The Bridgeport “megasite” industrial development is now even larger following the rezoning of an additional 328 acres.
According to a conceptual plan, the newly rezoned property would be the site of four buildings. Three of them are proposed to be over 1 million square feet, with the fourth approximately 235,000 square feet. That plan is only a concept and could change.
The original plan for phase II of Bridgeport included an additional 54 acres, which are located inside the town of Moreland. The applicant, P&L (Pope and Land) Bridgeport LP had attempted to have that land de-annexed from Moreland so that the entire development would be in unincorporated Coweta County. The de-annexation request was not successful, however.
The site plan presented with the staff report shows two of the buildings located on some of the property in the town of Moreland. However, according to the staff report, the applicants expect the site plan to be adjusted so that all buildings are within unincorporated Coweta County.
The rezoned property borders Bethlehem Church Road and Victoria Drive. There will be no industrial park access to either road, under conditions imposed by the commissioners. There will be a way that industrial park traffic can get out onto those roads in case of an emergency that blocks the main entrance.
County regulations require a 100-foot buffer between industrial and residential property. The developers, however, have proffered a 150-foot buffer.
County Community Development Staff recommended that the buffer consist of 100 feet of natural buffer, using the currently existing wood line, with the inner 50 feet as a planted buffer. Both the applicant and some nearby residents asked that the entire 150 feet be natural – simply leaving what is there already – and the commissioners agreed.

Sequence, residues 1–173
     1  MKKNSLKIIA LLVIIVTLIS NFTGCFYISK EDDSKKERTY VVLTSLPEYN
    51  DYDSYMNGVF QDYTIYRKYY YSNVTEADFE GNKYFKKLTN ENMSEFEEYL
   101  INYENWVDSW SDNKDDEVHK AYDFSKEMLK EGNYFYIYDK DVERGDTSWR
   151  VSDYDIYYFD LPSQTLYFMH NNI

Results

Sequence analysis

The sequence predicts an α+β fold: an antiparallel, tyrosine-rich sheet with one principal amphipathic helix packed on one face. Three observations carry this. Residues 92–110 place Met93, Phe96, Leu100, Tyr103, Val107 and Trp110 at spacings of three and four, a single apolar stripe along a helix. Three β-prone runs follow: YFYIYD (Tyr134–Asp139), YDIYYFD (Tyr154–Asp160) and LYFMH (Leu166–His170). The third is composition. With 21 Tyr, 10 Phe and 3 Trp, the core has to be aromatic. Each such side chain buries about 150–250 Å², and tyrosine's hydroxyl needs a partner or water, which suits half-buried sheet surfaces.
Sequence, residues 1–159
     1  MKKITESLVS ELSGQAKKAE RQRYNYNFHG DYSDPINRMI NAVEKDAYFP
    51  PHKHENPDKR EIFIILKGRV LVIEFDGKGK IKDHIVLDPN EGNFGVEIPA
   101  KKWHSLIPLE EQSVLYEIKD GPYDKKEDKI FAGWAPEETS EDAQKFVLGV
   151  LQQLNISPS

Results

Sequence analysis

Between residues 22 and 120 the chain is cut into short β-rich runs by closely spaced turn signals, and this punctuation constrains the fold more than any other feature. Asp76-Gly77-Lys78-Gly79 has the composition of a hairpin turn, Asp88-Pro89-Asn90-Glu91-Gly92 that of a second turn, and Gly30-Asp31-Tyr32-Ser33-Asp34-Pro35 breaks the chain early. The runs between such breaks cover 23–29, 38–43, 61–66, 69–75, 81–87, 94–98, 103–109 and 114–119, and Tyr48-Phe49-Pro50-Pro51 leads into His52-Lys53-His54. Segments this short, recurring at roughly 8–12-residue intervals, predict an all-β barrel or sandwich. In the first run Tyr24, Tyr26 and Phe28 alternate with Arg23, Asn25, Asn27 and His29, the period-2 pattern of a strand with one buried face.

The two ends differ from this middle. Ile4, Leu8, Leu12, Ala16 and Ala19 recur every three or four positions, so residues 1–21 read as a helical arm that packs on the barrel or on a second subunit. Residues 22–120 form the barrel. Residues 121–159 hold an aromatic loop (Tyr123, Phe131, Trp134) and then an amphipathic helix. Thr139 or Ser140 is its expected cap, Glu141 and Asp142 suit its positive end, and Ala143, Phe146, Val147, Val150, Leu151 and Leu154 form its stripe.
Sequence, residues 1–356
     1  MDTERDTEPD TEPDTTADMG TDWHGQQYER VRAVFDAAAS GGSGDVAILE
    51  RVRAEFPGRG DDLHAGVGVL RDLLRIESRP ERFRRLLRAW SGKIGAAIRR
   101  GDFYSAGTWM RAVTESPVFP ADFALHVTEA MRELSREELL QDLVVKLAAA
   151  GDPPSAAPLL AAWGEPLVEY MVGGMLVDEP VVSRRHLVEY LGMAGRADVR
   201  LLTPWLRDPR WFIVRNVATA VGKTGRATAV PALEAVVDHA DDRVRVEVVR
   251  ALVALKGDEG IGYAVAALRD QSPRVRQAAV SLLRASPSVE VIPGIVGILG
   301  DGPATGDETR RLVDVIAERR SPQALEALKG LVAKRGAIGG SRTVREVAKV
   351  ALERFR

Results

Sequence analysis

The commissioners also voted for recommended conditions regarding road improvements. The applicants must build a second turn lane for cars waiting to turn left from the industrial park road – Bridgeport Parkway – onto U.S. 29. That work must be in conjunction with widening of a portion of U.S. 29, which is required by the current development agreement for the existing Bridgeport property.
The main Bridgeport industrial park was originally zoned in 2014, and there were some changes in 2017. There are 745 acres zoned heavy industrial and 217 acres zoned light industrial, not including the newly rezoned property.
The park is the site of the Amazon distribution center.
Attorney George Rosenzweig, speaking for the applicant, said that the property is unique in terms of its size and access to the interstate, railroad, airport and major highways. It was identified as a state industrial "megasite" nearly 20 years ago.
The project has "already had a very substantial economic impact," Rosenzweig said. Amazon alone pays $2.3 million in property tax annually, he said.
Some nearby residents spoke in opposition.
Page Beckwith lives off Bethlehem Church Road. The Beckwiths bought their property with the intent of having a small farm. The industrial development will have a huge impact, partially on traffic, she said. U.S. 29 at Exit 41 is "crazy and messy most of the time," she said. There are trucks that park illegally and leave all kinds of trash, she said.
"If you're only there on an occasional basis, you don't really see the impact that has," she said.
Jerry Williamson was concerned about having an emergency exit on Bethlehem Church Road, but was reassured that it would only be used in true emergencies.
"We have a massive enough project already," Williamson said. He doesn't think it needs to be made bigger.
Jay Smith said that, thanks to all the traffic going through related to Bridgeport, he has to leave for work 45 minutes earlier than he used to just to make it on time. He used to leave at 7:15 a.m. and now has to leave at 6:30, he said.
In trying to get off at Exit 41, he said often he has to sit through five or six cycles of red lights just to make it through. He asked if there was any way possible that there could be an access directly to the property off the interstate. "Then traffic would be kept on 85 and not on 29," Smith said.
The expansion of the industrial park will only increase the impacts on residents, he said. "I can't imagine how many more people they are going to need" for the jobs at the new buildings, he said.
Everyone – including the developer – would love to have a new interstate interchange to serve the industrial park, said Commissioner Tim Lassetter. But chances of something like that happening are very slim, he said.